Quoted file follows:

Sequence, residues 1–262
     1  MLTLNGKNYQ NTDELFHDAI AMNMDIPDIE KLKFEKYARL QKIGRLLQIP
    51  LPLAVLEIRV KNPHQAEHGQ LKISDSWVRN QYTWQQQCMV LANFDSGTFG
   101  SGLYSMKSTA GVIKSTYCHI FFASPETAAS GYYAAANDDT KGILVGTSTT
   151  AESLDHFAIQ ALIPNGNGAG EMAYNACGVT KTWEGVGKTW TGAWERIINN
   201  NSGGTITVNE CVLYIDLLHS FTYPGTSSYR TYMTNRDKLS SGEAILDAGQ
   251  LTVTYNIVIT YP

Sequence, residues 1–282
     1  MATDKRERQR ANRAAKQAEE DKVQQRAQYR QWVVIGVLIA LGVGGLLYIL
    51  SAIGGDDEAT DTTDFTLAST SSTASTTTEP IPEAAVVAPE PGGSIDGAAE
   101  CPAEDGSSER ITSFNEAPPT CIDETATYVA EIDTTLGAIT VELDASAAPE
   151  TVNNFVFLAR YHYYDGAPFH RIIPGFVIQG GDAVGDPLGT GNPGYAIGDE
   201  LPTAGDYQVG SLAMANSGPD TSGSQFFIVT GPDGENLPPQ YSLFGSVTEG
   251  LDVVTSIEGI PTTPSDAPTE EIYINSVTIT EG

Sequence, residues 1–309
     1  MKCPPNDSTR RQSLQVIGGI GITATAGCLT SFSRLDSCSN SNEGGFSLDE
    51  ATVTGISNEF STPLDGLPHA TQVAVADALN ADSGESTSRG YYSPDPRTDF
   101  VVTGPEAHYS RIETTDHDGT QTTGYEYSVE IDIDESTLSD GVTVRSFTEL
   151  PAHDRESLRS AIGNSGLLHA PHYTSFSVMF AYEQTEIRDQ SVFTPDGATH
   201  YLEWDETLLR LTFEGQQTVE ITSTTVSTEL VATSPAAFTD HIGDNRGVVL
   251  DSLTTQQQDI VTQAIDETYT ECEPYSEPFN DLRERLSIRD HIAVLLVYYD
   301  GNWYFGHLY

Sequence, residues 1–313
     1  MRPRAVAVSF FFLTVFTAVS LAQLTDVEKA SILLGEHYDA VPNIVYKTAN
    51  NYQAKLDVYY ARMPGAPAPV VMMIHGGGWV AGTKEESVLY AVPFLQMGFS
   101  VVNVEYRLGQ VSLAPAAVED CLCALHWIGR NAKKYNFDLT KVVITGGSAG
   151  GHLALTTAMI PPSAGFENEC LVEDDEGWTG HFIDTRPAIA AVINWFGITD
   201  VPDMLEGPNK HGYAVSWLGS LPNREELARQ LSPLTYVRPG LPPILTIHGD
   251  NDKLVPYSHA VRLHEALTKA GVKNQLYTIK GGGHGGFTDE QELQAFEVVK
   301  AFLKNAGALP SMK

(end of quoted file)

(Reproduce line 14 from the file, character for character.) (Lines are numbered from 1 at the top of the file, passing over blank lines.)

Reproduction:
   251  LDVVTSIEGI PTTPSDAPTE EIYINSVTIT EG